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Patients diagnosed with cancer are often prescribed drugs they know little about, and researching the risks and benefits can be daunting, if not impossible, in the time frame a cancer patient has to work with. It's too late for one set of parents whose son died of brain cancer in 1999, but they hope to help other families with a website they launched on Jan. 1.
Michael and Rafaele Horwin's 2-year-old son Alexander http://www.ouralexander.org/ died of brain cancer in 1999 after doctors administered what they said was the best treatment available. Despite the risk of side effects including infection, heart damage, lung damage, deafness, infertility and a second cancer, just to name a few, they trusted the doctors when they said this was the best option. Alexander's cancer quickly spread through his entire body, and he died four months later. The Horwins were horrified and angry to later discover studies that showed the same chemotherapy had hastened the deaths of hundreds of other children the same age with the same brain cancer.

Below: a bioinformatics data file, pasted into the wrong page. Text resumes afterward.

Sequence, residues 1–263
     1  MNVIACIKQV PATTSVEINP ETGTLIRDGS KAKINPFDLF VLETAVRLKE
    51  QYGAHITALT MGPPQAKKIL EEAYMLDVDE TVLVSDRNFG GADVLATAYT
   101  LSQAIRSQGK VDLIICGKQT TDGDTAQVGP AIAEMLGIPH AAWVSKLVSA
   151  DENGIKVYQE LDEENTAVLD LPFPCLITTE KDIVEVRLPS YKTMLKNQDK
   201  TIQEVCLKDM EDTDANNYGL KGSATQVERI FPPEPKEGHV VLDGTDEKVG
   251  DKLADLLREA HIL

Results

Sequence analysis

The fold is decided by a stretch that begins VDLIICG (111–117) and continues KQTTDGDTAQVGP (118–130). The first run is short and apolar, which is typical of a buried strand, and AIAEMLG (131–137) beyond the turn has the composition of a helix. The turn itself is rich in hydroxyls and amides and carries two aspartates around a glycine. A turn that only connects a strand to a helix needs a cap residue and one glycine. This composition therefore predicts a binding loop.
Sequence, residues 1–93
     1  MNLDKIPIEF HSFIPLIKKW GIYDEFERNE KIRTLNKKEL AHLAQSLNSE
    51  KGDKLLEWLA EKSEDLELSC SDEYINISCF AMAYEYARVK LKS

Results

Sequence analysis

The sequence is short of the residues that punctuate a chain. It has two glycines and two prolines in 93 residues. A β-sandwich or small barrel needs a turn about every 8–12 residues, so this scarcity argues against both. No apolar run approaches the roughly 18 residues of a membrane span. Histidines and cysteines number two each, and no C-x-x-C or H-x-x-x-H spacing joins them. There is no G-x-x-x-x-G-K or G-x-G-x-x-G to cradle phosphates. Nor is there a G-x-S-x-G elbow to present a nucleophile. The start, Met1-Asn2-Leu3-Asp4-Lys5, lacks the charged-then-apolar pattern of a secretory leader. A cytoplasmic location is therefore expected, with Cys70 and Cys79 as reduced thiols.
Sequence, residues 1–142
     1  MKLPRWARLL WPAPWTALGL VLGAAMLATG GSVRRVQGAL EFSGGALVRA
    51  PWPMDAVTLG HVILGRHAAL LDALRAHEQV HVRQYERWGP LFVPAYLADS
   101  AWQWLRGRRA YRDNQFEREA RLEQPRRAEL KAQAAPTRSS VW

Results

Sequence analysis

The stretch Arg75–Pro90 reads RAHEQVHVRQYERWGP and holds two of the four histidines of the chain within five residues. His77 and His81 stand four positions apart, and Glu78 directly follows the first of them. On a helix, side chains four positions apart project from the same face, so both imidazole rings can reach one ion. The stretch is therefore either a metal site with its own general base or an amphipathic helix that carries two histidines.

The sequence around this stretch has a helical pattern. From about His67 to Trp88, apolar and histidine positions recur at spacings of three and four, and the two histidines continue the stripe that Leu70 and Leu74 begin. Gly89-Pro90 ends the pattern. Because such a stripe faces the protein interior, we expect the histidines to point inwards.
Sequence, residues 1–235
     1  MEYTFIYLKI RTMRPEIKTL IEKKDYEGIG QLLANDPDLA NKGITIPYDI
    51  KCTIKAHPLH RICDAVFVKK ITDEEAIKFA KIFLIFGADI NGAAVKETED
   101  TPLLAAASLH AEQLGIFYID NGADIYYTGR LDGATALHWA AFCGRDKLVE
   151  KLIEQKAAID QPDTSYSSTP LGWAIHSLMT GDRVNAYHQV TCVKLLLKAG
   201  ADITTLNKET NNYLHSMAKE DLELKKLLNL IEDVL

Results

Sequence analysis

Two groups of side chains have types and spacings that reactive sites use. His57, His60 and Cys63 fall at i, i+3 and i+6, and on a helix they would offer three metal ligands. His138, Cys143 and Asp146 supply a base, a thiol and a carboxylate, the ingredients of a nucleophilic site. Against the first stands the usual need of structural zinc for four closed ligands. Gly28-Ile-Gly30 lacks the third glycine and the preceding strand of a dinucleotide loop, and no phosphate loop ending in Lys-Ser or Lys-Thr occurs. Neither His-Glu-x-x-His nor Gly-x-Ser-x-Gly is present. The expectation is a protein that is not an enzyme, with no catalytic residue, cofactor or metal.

Had they found this research earlier, they would have made different treatment choices, the Horwins believe. They hope Cancer Monthly http://www.cancermonthly.com/, a free site they developed with friends, will help patients compare treatment options and find out whether they improved previous patients' quality of life.
"It's not rocket science," Michael Horwin said. "We take medical literature - published studies - and present it in a language that a cancer patient can understand. Now a cancer patient can compare treatment based on actual clinical results."
- "Posting Straight Facts on Cancer," Kristen Philipkoski, WiredNews.com http://www.wired.com, January 3, 2005, http://www.wired.com/news/medtech/0,1286,66130,00.html
File Name: kristen_philipkoski20050103
Post Date: January 4, 2005 at 7:35 AM CST; 1335 GMT